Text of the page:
Nearly half of North America’s bird species, and about 40 percent of its waterfowl, spend at least part of their lives in the Mississippi Flyway. Audubon is making a difference for the birds, habitats, and communities of this great flyway.
With a century-long legacy of conservation along the Gulf Coast, Audubon is committed to helping this vital region recover – from the BP oil disaster and also from decades of other environmental assaults. Together, we can create a vibrant, sustainable gulf region for birds, for people and for the future.
- Audubon Issues Winter Bird Warning
- Audubon to Expand Famous Christmas Bird Count
- Audubon Shares Seven Scenic Nature Destinations for Last-minute Summer and Fall Travel
- 41 Innovative Environmental Projects Win Over $1 Million In Funding From Audubon & Toyota
- Audubon Urges Chill on Big Oil Threats to Arctic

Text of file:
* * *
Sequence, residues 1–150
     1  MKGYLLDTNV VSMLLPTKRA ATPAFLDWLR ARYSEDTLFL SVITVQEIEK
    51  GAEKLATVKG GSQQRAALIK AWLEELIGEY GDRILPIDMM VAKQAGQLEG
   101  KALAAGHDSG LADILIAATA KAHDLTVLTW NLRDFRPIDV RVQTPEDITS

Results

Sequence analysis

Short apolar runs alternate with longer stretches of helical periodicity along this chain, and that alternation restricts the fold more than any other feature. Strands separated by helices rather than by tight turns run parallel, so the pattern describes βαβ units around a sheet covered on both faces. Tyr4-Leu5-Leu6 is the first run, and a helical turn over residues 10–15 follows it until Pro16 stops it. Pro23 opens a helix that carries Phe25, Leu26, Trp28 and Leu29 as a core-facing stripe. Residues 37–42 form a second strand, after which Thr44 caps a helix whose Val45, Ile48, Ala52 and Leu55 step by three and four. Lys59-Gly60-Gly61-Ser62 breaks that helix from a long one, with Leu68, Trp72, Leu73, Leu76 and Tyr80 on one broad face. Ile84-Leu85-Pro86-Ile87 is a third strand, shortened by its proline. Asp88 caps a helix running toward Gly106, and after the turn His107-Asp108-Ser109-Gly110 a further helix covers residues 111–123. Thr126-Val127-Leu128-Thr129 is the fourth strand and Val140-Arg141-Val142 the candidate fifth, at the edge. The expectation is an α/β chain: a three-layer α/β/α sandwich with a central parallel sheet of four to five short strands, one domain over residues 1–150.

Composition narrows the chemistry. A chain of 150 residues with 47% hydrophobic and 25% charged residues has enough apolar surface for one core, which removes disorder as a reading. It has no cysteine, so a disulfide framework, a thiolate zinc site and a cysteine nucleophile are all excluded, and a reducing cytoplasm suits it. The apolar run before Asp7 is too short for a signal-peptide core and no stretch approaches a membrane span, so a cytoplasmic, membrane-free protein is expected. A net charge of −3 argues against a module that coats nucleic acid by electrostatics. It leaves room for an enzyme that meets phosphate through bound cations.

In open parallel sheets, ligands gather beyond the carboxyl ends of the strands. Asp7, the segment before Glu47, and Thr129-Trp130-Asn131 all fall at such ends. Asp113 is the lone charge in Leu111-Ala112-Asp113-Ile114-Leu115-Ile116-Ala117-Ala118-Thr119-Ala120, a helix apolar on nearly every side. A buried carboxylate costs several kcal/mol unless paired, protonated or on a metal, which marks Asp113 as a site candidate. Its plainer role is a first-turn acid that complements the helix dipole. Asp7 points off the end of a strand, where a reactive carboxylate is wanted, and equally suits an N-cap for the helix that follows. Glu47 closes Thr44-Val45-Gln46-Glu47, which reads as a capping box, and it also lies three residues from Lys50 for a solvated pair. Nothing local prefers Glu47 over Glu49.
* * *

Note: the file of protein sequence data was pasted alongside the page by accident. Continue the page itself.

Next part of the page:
Trumpeter Swans were nearly extirpated in the early 1900s due to hunting pressures, but over the past few decades populations have started to increase thanks to recovery efforts by many people and agencies. Missouri observers have recorded the highest number of Trumpeter Swans wintering in states south of the 40th parallel with sightings in 45 of 115 counties. Riverlands Migratory Bird Sanctuary (RMBS) along the Mississippi River in St. Charles County, is the single most important wintering site of the southern states with counts of 500+ in the past few years. Starting in November 2011, The Trumpeter Swan Society partnered with The Audubon Center at Riverlands, U.S. Army Corps of Engineers Rivers Project Office, St. Louis Audubon Society, and the Audubon Society of Missouri to begin a citizen science monitoring program for Trumpeter Swans in the Great Rivers region. During our second year of monitoring, the project will gather bi-monthly data on overwintering swans in the Great Rivers Confluence from November 13, 2011 to February 19, 2013. Monitoring is essential to the recovery of the largest waterfowl species in North America because it provides crucial data on how many Trumpeter Swans use our area in the winter, the age composition of flocks, and where some of these individuals travel each year. Over a number of years this data will also be valuable to land managers, because it can help them better understand the habitat conditions that are important to the Trumpeter Swans overwintering here. If you are interested in helping out with this project please contact us at email@example.com.